Kevin: What are the parallels, though. Okay, because 1968 was the late and not so great 1968. It was a very, very difficult time. And if you recall, that was a period of time where the dollar was moving towards its own destruction. It has lost 95% of its value since that. Well, really, a couple of years later, when we went off the gold standard. So the summer of 1968 everyone knows it was a historic landmark.
David: Well, I was always aware the summer ’68 from the vantage point of race riots here in the U.S. But also the May events in France, which at one point veered close to a Marxist overthrow of the de Gaulle government. And it was not a traditional Marxist Leninist-inspired movement, but one that sort of channeled the student population’s energy. In Paris, the student population had grown, I think, from 175,000 to over 500,000 students, a growth in that population but with a vision of retribution and revolution, kind of more in the fashion of Che Quevara or Mao Zedong or Ho Chi Minh. And you know, now we have the advantage of history. History has given us a little perspective on the consequences of the ideas which were driving those 1968 events in Europe.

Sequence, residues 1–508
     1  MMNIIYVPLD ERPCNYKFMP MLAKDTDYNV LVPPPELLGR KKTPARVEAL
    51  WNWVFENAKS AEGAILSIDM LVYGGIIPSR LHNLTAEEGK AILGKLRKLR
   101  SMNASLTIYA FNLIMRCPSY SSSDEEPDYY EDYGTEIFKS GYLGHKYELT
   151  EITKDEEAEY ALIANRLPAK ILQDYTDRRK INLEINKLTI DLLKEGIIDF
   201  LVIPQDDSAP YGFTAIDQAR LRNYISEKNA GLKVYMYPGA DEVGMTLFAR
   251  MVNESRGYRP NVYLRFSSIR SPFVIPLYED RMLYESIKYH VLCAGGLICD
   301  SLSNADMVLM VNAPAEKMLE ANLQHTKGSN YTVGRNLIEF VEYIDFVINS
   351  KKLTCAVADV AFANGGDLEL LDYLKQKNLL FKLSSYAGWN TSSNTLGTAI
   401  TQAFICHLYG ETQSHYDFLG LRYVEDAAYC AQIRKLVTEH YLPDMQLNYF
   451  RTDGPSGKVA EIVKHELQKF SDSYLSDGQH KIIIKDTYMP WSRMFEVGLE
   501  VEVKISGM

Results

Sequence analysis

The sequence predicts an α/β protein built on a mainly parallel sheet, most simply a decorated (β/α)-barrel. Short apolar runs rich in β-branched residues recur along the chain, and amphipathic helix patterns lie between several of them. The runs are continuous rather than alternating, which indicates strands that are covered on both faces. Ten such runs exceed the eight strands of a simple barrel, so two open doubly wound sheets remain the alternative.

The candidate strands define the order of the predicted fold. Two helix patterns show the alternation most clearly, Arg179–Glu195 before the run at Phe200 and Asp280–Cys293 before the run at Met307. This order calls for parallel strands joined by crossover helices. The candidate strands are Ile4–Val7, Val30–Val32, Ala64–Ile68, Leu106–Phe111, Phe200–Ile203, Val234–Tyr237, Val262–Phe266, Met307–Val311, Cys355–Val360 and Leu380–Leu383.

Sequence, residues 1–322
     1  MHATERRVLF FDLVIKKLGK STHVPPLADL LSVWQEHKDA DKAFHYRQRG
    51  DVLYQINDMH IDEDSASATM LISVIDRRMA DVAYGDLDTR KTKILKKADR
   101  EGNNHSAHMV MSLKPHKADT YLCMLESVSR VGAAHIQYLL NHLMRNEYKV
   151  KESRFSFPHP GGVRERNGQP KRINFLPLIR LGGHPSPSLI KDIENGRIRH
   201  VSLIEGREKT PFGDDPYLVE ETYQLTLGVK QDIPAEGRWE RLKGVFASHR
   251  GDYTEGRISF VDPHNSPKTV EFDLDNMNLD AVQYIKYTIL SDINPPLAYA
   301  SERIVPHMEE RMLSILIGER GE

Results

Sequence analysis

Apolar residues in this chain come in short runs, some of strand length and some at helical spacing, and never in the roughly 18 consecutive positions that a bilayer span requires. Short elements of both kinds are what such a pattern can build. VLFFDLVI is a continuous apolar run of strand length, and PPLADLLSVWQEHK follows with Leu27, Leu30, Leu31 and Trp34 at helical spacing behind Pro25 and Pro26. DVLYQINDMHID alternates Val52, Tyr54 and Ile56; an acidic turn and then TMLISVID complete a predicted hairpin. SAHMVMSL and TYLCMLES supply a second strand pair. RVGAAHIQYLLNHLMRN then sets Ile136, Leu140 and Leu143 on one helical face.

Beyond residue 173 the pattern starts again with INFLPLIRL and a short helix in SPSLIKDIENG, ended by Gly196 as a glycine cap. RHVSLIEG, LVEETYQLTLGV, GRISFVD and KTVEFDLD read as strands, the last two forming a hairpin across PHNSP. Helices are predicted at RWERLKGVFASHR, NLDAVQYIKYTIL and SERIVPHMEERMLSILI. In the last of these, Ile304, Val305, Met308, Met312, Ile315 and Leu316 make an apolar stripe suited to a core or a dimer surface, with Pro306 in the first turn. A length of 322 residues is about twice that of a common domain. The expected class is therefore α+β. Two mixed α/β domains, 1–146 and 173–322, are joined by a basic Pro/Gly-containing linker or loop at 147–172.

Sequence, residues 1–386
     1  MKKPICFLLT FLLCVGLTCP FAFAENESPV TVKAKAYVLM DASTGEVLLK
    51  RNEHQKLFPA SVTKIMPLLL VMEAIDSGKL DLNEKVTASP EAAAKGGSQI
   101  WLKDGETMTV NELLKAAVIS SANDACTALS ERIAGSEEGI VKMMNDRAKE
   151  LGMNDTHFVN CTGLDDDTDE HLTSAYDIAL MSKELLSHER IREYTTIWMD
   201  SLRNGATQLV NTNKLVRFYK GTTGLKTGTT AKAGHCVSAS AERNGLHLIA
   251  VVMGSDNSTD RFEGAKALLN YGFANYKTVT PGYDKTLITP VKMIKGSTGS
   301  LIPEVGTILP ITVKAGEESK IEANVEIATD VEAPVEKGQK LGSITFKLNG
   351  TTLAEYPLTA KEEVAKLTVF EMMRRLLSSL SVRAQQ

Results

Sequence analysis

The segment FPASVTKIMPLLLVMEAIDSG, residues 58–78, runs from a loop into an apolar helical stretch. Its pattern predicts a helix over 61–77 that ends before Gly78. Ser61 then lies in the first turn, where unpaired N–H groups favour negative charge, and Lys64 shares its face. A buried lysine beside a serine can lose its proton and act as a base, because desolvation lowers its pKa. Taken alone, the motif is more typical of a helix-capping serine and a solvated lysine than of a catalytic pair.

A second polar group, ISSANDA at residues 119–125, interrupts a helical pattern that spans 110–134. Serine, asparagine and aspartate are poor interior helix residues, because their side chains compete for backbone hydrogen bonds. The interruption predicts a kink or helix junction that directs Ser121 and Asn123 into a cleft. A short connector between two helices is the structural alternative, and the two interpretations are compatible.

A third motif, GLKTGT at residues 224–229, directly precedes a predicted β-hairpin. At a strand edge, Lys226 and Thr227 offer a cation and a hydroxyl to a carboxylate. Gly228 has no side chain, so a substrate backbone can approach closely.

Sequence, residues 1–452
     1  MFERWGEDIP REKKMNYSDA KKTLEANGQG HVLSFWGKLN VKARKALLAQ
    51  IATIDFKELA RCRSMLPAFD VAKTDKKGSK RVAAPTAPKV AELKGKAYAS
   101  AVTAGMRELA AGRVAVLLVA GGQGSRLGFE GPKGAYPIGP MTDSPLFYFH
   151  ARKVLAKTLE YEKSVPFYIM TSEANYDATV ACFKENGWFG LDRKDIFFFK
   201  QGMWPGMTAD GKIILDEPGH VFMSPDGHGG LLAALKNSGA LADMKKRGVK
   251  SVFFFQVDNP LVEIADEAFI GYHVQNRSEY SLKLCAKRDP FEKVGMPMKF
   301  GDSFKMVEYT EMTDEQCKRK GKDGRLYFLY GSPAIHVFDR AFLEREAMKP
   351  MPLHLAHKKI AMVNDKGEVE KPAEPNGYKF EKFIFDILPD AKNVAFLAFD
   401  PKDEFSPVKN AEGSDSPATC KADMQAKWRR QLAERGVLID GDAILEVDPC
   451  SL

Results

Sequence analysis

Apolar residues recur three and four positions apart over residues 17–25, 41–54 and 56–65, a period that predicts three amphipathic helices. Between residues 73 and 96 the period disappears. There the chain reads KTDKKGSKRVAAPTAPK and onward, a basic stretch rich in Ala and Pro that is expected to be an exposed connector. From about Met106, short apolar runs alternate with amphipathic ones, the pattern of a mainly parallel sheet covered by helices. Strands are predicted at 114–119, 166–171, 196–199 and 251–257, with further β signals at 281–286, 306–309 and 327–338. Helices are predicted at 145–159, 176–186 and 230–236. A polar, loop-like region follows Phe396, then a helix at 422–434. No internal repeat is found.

Kevin: While how many lives were lost during that period of time or because of communism?
David: The global body count was in the tens of millions, and I guess that’s just with Mao. But to this day, you can see T-shirts of Che Guevara, he is probably more of a pop icon now more than a revolutionary. But you see those down on college campuses across the country as kind of an expression of you know, system revolt or I’m going to do my own thing.
Kevin: Well, isn’t the battle cry justice, Isn’t it always justice? Give us justice for what’s going on?